A gateway to the second largest city in New South Wales, the Port of Newcastle’s opportunities and challenges reflect its proud history and exciting future. The 792 hectares port has 47 tenants across a diverse range of trades including thermal and metallurgical coal, grain, fertilisers, cement and bulk liquids. The port has a deep 15.2m channel and direct heavy rail access to Sydney, and via the Inland Rail, to Melbourne and Brisbane.
The port has been exporting coal since 1799 with its first shipment to India. While the volume of the port's coal exports are small relative to the domestic production of other countries in Asia, its coal still plays an important role in the Asian seaborne coal market. The calorific content of the coal is high, making it suitable for modern coal fired power plants in markets with low energy independence such as Japan and South Korea, and for blending with lower quality coal from domestic markets in other countries.
But while this higher coal quality remains important for current coal plants, the medium-to-longer-term future is less certain. The Paris Agreement on climate change is rapidly accelerating the transition to cleaner fuel sources in the lead up to 2050.
Senior Manager ESG Port of Newcastle
As the Manager of a 50 per cent shareholding, we are helping to guide the port through its strategic realignment. The board members are providing leadership in understanding and managing ESG issues, for example, by initiating the port’s participation in GRESB and a major consulting project which ranked over 20 potential sustainability capex projects at the port.
The port has invested $A35 million in a new ship unloader for its bulk fertiliser and cement terminal, replacing a 50-year-old piece of equipment and more than tripling the throughput of this industrial terminal.
The port has also commenced a tender process for two mobile harbour cranes to start the process of building a significant container trade at this deepwater port which, given the channel depth already in place for coal vessels, can handle the world’s largest and most fuel efficient container vessels. Overall, the port is planning to spend more than $A300 million over the next five years on diversification projects, and up to $A3 billion over the next 15 years (subject to government approvals on an expanded container terminal).
This strong management engagement, strategic thinking, and responsible governance have put the port’s future on a stable footing. The Strategic Development Plan 2040 outlines the strategic development opportunities and provides a blueprint for future investment and an ambitious diversification strategy.
This includes securing $A515 million in sustainability-linked loans from National Australia Bank, the first financing of its kind to a seaport in Australia. The loans incentivise Port of Newcastle by offering a lower margin on debt if it hits targets across a range of social and environmental metrics, including modern slavery assessments for suppliers, emissions reduction, mental health first aid, diversity and inclusion.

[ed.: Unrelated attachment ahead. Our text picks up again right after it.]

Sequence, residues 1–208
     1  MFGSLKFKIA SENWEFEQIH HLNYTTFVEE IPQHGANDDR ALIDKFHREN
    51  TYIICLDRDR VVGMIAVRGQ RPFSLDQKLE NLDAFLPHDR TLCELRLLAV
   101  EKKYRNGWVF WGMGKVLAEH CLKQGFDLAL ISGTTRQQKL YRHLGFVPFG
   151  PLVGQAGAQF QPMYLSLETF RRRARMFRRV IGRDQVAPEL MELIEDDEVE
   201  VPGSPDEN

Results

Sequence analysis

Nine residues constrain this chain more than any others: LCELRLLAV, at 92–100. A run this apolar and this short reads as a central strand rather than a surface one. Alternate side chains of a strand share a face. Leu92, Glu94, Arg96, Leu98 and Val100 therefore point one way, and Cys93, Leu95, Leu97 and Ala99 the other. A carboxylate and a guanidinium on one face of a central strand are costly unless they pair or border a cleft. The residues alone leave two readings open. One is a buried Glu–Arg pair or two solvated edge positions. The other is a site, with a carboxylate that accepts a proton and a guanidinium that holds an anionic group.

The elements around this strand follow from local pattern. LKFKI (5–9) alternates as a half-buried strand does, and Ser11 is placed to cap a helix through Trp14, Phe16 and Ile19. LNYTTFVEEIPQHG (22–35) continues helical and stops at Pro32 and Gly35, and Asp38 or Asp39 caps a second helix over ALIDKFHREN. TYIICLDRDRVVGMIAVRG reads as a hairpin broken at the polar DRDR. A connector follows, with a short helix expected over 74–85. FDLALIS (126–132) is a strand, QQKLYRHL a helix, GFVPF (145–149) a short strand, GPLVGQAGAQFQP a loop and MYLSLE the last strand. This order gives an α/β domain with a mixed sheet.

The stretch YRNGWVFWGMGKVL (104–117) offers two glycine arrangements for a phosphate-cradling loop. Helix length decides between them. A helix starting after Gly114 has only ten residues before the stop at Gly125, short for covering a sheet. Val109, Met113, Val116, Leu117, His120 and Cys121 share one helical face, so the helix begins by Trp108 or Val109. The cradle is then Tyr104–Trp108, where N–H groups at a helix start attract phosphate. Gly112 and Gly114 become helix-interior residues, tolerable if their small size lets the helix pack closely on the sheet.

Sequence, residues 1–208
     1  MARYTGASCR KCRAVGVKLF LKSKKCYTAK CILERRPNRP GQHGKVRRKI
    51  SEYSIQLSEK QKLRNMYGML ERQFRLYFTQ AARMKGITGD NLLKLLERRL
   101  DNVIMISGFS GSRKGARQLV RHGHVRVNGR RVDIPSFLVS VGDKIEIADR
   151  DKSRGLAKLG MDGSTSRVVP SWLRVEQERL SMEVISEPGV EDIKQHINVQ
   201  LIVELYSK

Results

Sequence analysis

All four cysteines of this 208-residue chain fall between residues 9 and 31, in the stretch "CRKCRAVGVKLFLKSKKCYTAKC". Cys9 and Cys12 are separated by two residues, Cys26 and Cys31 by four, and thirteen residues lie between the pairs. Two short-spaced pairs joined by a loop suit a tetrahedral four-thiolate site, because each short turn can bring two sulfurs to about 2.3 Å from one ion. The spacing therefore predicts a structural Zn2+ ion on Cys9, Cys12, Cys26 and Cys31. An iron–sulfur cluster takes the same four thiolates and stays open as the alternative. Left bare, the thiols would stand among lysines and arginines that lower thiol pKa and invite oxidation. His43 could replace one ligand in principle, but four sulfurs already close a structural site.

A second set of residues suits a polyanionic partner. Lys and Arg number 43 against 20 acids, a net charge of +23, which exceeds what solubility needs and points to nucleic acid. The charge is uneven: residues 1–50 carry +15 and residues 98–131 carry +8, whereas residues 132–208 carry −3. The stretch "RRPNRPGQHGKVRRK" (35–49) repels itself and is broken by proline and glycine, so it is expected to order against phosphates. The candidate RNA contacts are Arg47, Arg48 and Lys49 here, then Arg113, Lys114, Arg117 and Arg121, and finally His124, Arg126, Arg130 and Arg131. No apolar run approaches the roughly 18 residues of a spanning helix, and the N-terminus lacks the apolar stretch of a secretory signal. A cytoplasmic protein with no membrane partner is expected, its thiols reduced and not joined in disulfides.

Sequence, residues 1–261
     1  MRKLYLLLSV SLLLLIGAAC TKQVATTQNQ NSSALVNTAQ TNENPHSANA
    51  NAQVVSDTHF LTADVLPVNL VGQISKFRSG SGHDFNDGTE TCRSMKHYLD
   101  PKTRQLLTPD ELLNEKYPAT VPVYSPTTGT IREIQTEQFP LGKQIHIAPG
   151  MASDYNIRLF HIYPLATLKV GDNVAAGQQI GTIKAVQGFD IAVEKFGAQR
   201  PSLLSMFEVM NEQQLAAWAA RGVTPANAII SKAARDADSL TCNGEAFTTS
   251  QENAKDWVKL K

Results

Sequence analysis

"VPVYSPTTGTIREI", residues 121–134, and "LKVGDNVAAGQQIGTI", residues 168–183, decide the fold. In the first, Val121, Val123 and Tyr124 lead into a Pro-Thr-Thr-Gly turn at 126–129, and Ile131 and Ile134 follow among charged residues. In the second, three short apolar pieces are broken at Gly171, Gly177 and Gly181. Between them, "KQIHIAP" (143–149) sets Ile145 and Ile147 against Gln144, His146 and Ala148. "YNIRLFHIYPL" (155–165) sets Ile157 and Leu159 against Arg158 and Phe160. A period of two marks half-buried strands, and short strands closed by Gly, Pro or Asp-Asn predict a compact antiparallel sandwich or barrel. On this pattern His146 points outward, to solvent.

Sustainable management has therefore become an integral part of how the port directs its activities. This means rigorous oversight of the environmental impacts and building a track-record of good performance. Future commitment to science-based targets will build on the reductions in CO2 emissions already achieved.
Partnerships with community groups, customers, partners, and tenants both root the port to its past and nurture its future. Funding and in-kind support have helped local projects thrive and community initiatives are providing lasting social and environmental benefits. For example, Port of Newcastle has recently launched its first Indigenous STEM Scholarship. This will enhance the local region’s capacity to meet future technology-led jobs and support tertiary education pathways for indigenous students.
To bring great focus to the economic opportunities in the region, we recently coordinated a stakeholder day at the University of Newcastle titled “Diversifying NSW’s 2nd City” which included equity and bank representatives, and panel speakers from advanced manufacturers and new energy companies in the region.
All this helps the port to maintain a strong competitive position and remain a vital part of the region’s economic and social infrastructure. Recent independent economic estimates show that it contributes approximately 5,700 direct and indirect jobs in the Lower Hunter region of New South Wales and makes a $A1.5 billion economic contribution.1
Active community engagement leads to better, more widely accepted decisions – especially important in times of change. As part of this, we have seen the benefits of reliable data and transparency.
By being open about longer-term challenges, the port has built support for its agenda in a city that has relied on the coal industry for hundreds of years. Through engagement with initiatives like EcoPorts, a European port sector initiative that seeks to raise awareness on environmental protection and improve environmental management, we have also seen the benefits of sharing information and ideas, helping Australian ports to improve their environmental management.